But far from being the dull boxes of the old days modern MPVs are a darned sight more interesting. Car manufacturers have realised making an MPV desirable in its own right is a good thing and actually achievable. Citroen’s C4 Picasso is the latest example.
Presented here in seven-seat Grand Picasso form (five-seat version also available) it gets off to a flying start by virtue of its looks.
It’s a sleek and spacious form with some eye-catching details, notably the full-length silver roof rails that curve neatly to the rear. At the front are slim and elegant LED lights while at the rear even more interesting 3D-effect lights that wrap neatly into the tailgate.
And why shouldn’t MPVs look attractive? The Grand Picasso’s kerb appeal draws you in, and once you’ve stepped inside there’s more. Citroen has worked hard to make the interior more than just the place to sit; it claims the largest glazed area in the class and once inside it’s hard to doubt it.
Much has also been made of the ‘lounge’ feel to the cabin. Front occupants can have massage seats while the front passenger a motorised footrest to give them the fully-reclined airline style experience – although taller occupants will find a lack of foot room in this position.
But there’s a strong sense of style, with different textures and trims. Nice though the cloth seats are the leather option is not only more hardy but boosts the luxury feel.
Citroen has also torn up the rule book for the driver and rather than conventional instruments the Grand Picasso has a fully-digital display mounted centrally in the dashboard.
Ergonomically speaking that’s the best place for them but it also adds to the feeling of space. The screens are 7 and 12 inches with the former operating as touchscreen control to many functions, giving the dashboard a clean and uncluttered feel although you do need to spend a little time to find your way around.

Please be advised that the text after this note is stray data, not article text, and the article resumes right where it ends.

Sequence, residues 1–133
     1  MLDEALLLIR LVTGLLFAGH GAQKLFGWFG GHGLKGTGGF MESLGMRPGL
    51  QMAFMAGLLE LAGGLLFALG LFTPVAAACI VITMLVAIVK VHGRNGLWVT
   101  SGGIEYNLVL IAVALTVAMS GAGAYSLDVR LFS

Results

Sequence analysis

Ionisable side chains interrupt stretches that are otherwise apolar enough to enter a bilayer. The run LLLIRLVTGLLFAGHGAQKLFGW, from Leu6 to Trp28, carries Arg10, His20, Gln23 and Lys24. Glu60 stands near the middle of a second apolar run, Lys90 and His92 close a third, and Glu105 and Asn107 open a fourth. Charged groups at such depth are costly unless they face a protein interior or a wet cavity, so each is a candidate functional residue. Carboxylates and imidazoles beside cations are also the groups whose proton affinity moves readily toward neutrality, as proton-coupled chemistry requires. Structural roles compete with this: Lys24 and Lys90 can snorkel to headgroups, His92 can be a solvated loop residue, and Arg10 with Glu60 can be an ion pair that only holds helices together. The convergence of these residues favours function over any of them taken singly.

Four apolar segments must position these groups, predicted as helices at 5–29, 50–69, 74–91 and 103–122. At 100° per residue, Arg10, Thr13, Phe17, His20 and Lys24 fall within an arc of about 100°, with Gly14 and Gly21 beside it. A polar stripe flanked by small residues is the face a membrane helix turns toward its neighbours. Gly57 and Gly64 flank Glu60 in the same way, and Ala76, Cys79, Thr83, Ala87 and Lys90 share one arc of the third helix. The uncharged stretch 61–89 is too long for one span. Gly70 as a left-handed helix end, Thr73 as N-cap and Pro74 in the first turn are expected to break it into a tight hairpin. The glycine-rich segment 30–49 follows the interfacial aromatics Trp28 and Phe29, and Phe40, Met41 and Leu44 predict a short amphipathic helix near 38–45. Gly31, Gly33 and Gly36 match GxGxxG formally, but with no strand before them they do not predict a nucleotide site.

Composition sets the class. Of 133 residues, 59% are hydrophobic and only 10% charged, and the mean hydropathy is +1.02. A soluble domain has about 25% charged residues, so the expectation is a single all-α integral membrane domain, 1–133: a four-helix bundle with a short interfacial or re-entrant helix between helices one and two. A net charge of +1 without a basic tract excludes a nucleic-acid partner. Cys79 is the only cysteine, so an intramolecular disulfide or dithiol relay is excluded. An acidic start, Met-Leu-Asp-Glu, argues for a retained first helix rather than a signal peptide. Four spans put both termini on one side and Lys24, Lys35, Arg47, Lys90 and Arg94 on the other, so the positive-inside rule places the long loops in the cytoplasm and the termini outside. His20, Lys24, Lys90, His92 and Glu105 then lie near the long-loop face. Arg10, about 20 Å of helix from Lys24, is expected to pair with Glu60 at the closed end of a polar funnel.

It’s easier to get lost in the cabin though. The Grand Picasso has 645-litres of boot space in its five-seat configuration, an increase of 69 litres over the outgoing model. That can be boosted to 790 litres if you slide the second row of seats forward. And should you feel the need to play van driver, fold the seats down and there’s 2,181 litres of space to fill.
All that is good news, but the Grand Picasso still needs to drive like a car rather than a minibus. Happily the driving experience is impressive.
The Grand Picasso is based on Citroen’s new EMP2 platform, just like the regular-sized Picasso - meaning a stiff structure. As well as boosting safety it helps the ride and handling; the Grand Picasso feels more nimble and stable than size and shape would suggest, and the ride quality is also impressive.
The worst urban warts do make themselves known but won’t disturb your passengers. Noise levels are also well managed, and with air vents dotted throughout everyone can stay comfortable. It’s clearly capable of being loaded with people and luggage and travelling big distances with ease.
You’ll get a long way on a tank of fuel too. The new BlueHDi 150 engine fitted uses a new design of exhaust to reduce emissions and fuel consumption to impressively-low levels; 110g/km of CO2 when fitted with the manual gearbox. The automatic makes life even easier for the driver and only adds another 7g/km.
There’s no shortage of options in the seven-seat MPV market, but right now the Grand Picasso manages to offer as much practicality and usability as its key rivals with a hefty dose of style and luxury to boot.
FACTS AT A GLANCE
Citroen C4 Grand Picasso BlueHDi 150 Exclusive £25,000(approx.)
Engine: 2.0-litre diesel unit producing 150bhp and 273lb.ft of torque
Transmission: Six-speed manual gearbox driving the front wheels
Performance: Top speed 130mph, 0-62mph in 9.8 seconds
Economy: 67.2mpg combined
Emissions: 110g/km of CO2